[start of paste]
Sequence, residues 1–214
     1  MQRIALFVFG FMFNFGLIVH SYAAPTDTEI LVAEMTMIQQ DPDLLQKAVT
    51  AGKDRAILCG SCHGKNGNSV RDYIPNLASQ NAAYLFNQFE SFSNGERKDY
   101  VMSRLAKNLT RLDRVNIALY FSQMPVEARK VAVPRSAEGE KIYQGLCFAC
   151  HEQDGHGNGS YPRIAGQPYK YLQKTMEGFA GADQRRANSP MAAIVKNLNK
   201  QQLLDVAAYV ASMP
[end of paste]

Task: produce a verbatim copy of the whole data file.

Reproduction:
Sequence, residues 1–214
     1  MQRIALFVFG FMFNFGLIVH SYAAPTDTEI LVAEMTMIQQ DPDLLQKAVT
    51  AGKDRAILCG SCHGKNGNSV RDYIPNLASQ NAAYLFNQFE SFSNGERKDY
   101  VMSRLAKNLT RLDRVNIALY FSQMPVEARK VAVPRSAEGE KIYQGLCFAC
   151  HEQDGHGNGS YPRIAGQPYK YLQKTMEGFA GADQRRANSP MAAIVKNLNK
   201  QQLLDVAAYV ASMP